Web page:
BATH, Maine — Steel has rusted away on the 88-year-old Carlton Bridge, resulting in “very, very low” ratings on a 2013 routine inspection, but a Maine Department of Transportation official said she is “completely comfortable” sending freight trains weighing hundreds of tons over the bridge several times each week.

During testimony earlier this month to the Legislature’s Transportation Committee, Joyce Taylor, chief engineer for the Maine Department of Transportation, said the bridge didn’t meet load criteria during a fall 2013 inspection.

The bridge over the Kennebec River between Bath and Woolwich carries seasonal excursion trains operated by Maine Eastern Railroad and trains hauling freight for Dragon Products Company, which manufactures cement, and Dicaperl, a perlite production facility, both located in Thomaston.

On Friday, Taylor said that when the bridge failed a fall 2013 routine inspection, Maine transportation officials called for an in-depth inspection and then a detailed bridge load reading.

“The initial results were troubling,” Taylor said. “They sent us an email that told us a few of the ratings were as low as 0.2, and anything below 1.0, you have to really look at and question. 0.2 is very, very low.”

“The immediate thing we did was to call up the users of the bridge and say, ‘We can’t run a train until we look at the numbers and assumptions that went into the load ratings,” she said, noting that those documents include 5,000 to 6,000 pages of calculations. “They look at every single gusset plate, every piece of steel that somehow connected to something else.”

The documents indicated that “some steel had rusted away,” Taylor said. “It’s supposed to be an inch, but it lost a quarter-inch so it lost some strength.”

Traffic on the bridge, which is only used for rail, was halted from Feb. 23 to Feb. 25, 2014.

When state transportation officials used a model built by a consultant to evaluate the bridge, “the results were better,” Taylor said. “We felt comfortable letting the train go across the bridge.”

Taylor noted that safety “codes tend to be very conservative” with railroad bridges and “tell you to load rate it based on a really big train with lots of cars,” so Maine transportation officials surveyed users to gauge the typical weight of trains crossing the bridge.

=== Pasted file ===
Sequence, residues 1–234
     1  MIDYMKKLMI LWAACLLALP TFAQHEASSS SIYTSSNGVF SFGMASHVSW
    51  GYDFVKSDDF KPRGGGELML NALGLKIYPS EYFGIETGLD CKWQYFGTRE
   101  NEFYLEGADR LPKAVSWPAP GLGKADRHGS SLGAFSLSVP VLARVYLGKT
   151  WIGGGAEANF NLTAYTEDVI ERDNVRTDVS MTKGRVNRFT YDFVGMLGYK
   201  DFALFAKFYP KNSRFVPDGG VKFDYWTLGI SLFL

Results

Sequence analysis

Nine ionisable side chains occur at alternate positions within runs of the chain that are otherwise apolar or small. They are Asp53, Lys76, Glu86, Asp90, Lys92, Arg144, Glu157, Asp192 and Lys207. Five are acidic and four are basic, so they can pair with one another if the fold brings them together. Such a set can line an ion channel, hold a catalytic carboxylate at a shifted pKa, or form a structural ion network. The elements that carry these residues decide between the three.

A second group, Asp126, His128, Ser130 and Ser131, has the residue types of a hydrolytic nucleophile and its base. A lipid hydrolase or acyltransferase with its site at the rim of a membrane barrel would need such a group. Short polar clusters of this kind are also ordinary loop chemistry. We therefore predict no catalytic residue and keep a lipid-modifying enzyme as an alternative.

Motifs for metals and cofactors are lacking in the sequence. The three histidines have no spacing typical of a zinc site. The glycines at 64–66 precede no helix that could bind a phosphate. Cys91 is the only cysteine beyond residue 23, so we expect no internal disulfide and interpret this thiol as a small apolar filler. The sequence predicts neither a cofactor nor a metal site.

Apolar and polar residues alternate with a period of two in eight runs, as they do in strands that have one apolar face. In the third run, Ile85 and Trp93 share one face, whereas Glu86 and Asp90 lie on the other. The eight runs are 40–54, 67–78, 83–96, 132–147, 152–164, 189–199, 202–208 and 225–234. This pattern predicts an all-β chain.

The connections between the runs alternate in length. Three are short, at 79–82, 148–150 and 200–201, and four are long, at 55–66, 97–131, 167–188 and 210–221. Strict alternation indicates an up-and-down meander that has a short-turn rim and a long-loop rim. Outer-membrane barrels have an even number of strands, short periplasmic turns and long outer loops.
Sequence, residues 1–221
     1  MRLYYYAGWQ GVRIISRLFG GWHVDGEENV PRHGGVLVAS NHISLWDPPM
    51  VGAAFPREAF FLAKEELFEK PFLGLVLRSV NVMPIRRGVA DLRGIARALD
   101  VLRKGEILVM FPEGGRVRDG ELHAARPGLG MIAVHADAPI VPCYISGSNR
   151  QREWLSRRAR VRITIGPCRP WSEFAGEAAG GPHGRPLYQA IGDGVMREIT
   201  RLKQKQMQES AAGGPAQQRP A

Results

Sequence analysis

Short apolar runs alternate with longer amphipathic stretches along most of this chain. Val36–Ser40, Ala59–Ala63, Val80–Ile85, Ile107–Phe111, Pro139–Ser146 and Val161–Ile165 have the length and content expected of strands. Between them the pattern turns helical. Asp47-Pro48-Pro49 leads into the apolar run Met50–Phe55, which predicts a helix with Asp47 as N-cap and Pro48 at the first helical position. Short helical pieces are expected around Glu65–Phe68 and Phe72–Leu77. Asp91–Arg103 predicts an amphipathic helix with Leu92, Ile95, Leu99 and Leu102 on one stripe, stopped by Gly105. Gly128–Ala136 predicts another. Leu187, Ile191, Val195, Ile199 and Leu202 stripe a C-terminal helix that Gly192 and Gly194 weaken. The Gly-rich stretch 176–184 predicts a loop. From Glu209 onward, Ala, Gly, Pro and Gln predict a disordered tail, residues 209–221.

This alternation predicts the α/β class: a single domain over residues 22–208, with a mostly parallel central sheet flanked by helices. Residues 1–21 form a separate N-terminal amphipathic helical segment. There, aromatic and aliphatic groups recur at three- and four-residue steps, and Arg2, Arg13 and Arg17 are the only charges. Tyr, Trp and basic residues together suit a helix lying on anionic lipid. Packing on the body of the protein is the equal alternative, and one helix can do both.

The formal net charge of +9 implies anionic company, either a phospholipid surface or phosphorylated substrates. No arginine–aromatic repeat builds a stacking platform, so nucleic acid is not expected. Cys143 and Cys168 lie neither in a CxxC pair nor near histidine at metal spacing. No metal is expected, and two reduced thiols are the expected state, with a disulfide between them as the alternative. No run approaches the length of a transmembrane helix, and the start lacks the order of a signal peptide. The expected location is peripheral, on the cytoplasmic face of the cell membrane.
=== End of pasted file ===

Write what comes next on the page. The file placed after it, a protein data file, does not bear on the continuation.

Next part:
Derek Cusack is vice president and general counsel for Pennsylvania-based Dicalite Management Corp., of which Dicaperl Thomaston is a subsidiary. Dicaperl runs a couple of trains per month across the bridge — trains that can include several rail cars each weighing as much as 100 tons, Cusack said Friday.

Chuck Jensen, vice president and chief operating officer of Maine Eastern Railroad, said Friday that the state informed the railroad of the study and there are “deficiencies.”

“Those deficiencies aren’t serious enough to stop what the bridge is designed for, which is running trains,” he said.

Jensen said the state has placed no restrictions on his company’s trains but has asked Maine Eastern Railroad to notify state officials of which days they intend to run a train.

“They’re not going to let a train go across it if anyone thought it was going to fail,” Jensen said. “This is all about precautions.”

“We ran a train across it today,” Jensen said Friday. “A good-sized one, actually. A 12-car train full of cement.”

Still, Taylor said, one steel beam on the bridge did lose steel and must be addressed soon. Although, she noted, “Nobody was concerned about running a train today. We have a window of time to get that fixed.”

Otherwise, “I think for today’s use and what we anticipate in the next year, we’re comfortable,” she said.

Still, the Maine Department of Transportation must decide if it wants to keep the bridge open, Taylor said, and if so, how to pay to maintain it. A working plan is due by October, and Taylor said the department will look at options to propose to Transportation Commissioner David Bernhardt to keep the bridge viable — options such as removing the top deck of the bridge that used to carry automobiles in order to ease stress on the steel or painting the bridge to stop corrosion.

“The fourth option would be to do nothing, and the bridge will get to the end of its useful life,” Taylor said. Bridges are typically designed to last 75 to 100 years, she said.

But that wouldn’t work for Cusack.

“The bridge is vital to our operation and obviously it’s in our interest that the bridge remains viable,” he said. “It’s very important to our ongoing operations. There are other options, but there’s a reason we do things this way.”

“This is not a crisis for the short term at all,” Taylor said. “We could do nothing, and I would feel pretty comfortable allowing the trains to use the bridge for awhile.”

The Federal Rail Authority has oversight of the state-owned bridge, but information about recent audits and tests was not immediately available on Monday, according to the Federal Rail Authority spokesman Michael Booth.

Phone calls and emails to Dragon Products Company on Friday and Monday were not returned.